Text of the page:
Professor Burnham says compared with adult-directed speech, baby talk or infant directed speech has more emotion, irrespective of the actual words used.
He says that baby talk, which has also been called motherese or parentese, is the speech that parents, strangers and even older siblings use when they talk to infants.
It has three defining characteristics - higher pitch, greater emotional sound content and more exaggerated vowels.
“It has a higher pitch and more up-and-down patterns which attract infants’ attention. It also has more emotion,” Professor Burnham says.
“The pitch you can measure through acoustic measurement. The emotion is independent to the words being said. We measure it by filtering the speech electronically so that all you can hear are the ups and downs rather than the words and then ask people to rate how much emotion is in the voice. People consistently rate there to be more emotion in infant directed speech than adult directed speech.
“It also has more hyperarticulation which exaggerates the differences between sounds. The most common sounds that are measured are the vowel sounds.
“This exaggeration helps language development. When mothers use more exaggerated vowels in baby talk their babies are better able to distinguish speech sounds.”
While parents may fear that using baby talk will slow their child’s language development this is not proving to be the case.
There is no need to spend time thinking about what we should be talking to our children about to maximise the language experience - it seems the content doesn’t really matter either
Look Who’s Talking
Just like John Travolta in 1989’s Look Who’s Talking we can read little Mikey stock market listings as long as we’re looking him in the face, and using intonation and exaggeration.
The semantic content is not important. It is the physical characteristics of the speech. “Your tummy wummy is really sore” rather than “your stomach is hurting” doesn’t really matter. The important part is that you’re using the infant directed intonation and the exaggerated vowels.
Professor Burnham says parents naturally adjust how they communicate with their baby during their child’s first year to match their developmental level, and as they grow older adults continue to adjust the way they speak as the child’s language knowledge increases.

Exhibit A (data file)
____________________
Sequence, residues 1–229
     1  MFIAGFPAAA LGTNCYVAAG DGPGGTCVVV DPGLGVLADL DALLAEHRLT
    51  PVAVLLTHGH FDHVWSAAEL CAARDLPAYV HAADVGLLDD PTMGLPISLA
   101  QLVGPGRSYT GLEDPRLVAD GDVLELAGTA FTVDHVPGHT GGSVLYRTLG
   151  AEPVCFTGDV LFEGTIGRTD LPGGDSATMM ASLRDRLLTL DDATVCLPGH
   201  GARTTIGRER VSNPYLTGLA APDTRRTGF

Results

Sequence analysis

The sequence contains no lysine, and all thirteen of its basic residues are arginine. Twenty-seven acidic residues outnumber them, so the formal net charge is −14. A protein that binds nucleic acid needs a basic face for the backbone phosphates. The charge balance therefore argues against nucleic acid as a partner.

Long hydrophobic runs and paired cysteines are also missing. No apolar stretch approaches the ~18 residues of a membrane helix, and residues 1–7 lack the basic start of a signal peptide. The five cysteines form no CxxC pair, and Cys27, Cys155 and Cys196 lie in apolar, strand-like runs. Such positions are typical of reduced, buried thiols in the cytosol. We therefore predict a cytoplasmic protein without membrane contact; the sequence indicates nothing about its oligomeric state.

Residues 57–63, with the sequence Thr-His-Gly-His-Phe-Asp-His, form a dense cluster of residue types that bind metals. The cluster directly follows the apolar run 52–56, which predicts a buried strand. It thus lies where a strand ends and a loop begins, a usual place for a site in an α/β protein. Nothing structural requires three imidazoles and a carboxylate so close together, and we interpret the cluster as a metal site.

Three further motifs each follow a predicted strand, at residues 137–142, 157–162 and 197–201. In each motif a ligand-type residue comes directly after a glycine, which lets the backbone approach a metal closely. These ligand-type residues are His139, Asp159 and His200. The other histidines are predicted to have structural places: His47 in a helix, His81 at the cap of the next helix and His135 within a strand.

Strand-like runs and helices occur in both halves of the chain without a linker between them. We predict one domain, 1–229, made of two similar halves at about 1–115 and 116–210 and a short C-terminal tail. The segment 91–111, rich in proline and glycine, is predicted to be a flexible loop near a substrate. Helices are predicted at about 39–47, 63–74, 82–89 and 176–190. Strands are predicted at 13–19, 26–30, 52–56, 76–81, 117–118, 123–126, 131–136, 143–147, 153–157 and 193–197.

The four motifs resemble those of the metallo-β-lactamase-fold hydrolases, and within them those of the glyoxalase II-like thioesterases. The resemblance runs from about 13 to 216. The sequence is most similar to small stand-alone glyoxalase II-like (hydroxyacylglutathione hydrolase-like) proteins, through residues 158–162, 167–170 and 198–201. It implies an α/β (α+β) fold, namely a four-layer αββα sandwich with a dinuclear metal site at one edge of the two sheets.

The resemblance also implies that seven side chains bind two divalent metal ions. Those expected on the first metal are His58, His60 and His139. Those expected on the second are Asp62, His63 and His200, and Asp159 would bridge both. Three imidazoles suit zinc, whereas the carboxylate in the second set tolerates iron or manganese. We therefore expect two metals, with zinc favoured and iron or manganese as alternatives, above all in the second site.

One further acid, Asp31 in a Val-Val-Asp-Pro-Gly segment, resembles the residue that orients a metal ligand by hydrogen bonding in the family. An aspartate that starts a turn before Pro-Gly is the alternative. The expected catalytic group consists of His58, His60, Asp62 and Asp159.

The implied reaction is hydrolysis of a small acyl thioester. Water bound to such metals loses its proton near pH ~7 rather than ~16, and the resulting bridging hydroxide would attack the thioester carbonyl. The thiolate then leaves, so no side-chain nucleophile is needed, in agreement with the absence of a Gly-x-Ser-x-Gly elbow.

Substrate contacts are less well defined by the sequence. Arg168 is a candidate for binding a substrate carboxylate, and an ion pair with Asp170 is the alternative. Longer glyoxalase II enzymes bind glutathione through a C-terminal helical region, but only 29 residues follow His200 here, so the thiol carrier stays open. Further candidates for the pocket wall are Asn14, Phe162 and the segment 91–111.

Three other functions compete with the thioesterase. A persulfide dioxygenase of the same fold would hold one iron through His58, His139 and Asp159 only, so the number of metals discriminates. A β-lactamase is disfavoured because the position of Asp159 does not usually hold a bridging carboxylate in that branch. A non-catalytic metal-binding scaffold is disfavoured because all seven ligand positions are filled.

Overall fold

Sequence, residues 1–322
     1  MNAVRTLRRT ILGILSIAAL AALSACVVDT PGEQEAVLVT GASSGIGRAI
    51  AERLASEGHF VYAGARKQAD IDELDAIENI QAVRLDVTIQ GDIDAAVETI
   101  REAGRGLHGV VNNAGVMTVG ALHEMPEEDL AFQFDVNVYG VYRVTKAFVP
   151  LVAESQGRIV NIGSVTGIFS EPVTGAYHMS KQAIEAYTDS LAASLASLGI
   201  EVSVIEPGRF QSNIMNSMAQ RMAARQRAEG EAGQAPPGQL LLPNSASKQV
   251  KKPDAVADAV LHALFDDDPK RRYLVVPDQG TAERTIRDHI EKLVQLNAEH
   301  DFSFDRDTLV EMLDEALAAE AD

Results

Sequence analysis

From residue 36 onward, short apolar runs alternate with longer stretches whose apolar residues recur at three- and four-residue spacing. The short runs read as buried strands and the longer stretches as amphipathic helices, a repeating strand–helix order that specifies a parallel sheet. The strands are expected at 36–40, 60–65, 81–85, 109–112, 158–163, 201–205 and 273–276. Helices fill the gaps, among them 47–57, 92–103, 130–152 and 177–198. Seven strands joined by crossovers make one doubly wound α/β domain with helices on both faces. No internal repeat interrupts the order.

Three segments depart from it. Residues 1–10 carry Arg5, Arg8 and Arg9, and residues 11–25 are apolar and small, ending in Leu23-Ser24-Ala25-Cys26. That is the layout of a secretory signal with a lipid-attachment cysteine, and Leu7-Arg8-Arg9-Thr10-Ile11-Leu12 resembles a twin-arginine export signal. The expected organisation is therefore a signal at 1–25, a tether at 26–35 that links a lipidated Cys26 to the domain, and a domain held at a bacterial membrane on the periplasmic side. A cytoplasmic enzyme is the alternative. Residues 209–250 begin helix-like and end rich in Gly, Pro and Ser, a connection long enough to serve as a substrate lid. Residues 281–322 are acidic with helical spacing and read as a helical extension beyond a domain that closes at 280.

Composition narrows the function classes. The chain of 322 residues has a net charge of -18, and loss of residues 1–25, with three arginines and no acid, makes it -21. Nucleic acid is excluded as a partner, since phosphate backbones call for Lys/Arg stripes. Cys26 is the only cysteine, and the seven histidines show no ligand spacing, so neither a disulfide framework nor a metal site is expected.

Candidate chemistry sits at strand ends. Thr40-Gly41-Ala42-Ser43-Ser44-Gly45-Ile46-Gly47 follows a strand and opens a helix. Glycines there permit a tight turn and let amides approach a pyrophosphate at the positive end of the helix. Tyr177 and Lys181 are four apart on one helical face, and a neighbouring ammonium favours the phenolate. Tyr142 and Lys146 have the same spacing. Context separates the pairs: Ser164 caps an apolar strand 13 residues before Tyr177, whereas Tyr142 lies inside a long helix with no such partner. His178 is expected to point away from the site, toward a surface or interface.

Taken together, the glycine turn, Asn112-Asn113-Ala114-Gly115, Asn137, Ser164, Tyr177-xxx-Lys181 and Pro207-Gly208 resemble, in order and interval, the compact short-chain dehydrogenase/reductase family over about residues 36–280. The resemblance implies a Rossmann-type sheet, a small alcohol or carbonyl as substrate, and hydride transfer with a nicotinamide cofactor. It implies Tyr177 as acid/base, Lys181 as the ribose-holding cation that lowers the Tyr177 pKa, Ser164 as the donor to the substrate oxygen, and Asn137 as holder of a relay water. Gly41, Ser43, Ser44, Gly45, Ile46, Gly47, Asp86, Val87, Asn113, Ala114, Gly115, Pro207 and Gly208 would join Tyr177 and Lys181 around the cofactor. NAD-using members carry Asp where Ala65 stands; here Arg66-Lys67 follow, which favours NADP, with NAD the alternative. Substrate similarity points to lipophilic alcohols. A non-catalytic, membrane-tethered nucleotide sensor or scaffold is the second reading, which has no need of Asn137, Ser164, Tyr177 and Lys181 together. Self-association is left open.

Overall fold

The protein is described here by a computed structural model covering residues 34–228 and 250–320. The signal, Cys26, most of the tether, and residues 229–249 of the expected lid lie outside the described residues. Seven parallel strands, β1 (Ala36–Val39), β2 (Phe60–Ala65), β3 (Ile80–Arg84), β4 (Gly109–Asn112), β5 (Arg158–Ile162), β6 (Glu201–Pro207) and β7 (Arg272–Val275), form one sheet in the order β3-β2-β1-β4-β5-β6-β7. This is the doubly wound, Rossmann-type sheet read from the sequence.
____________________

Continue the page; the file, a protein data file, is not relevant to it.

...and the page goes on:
The parent and infant have a highly developed conversational dance, each responding to the nuances of the other’s speech.
“If parents or whoever is talking to the child is sensitive to the cues the child gives out then that person will use appropriate intonation, emotion, and speech exaggeration because the infant is very good at communicating what they need. And the cues the child gives out changes with the infant’s age,” he says.
“Infant directed speech changes across development. The way you talk to a six month old is different to the way you talk to a 12 month old.
“How mothers talk to their baby is automatically in synch with their baby’s preferences.”
Characteristics of baby talk
Turning again to the three characteristics of baby talk, it differs from other forms of exaggerated speech such as talking to pets and foreigners.
With pets you tend to use exaggerated emotion and pitch, but you don’t have exaggerated vowels and for foreigners you don’t have exaggerated pitch or raised emotion, but you do have exaggerated vowels.
“When you are talking to a pet you are trying to attract attention with pitch characteristics and portray emotion with emotional sounds in the speech but you’re not trying to teach the pet to talk because you’re not exaggerating vowels,” says Professor Burnham.
“When talking to a foreigner you’re not showing emotion and not playing with the pitch to attract attention but you are trying to teach them the structure of the English language by exaggerating the vowels.
“In the exaggeration of the vowels different languages have different vowel spaces so you exaggerate the vowels within the particular language you’re speaking.
“If a mother is bilingual she would use one set of vowels specifically for English and another for Spanish. It seems vowel hyper articulation seems to be focused towards teaching the vowels of the language. It’s a language teaching device.”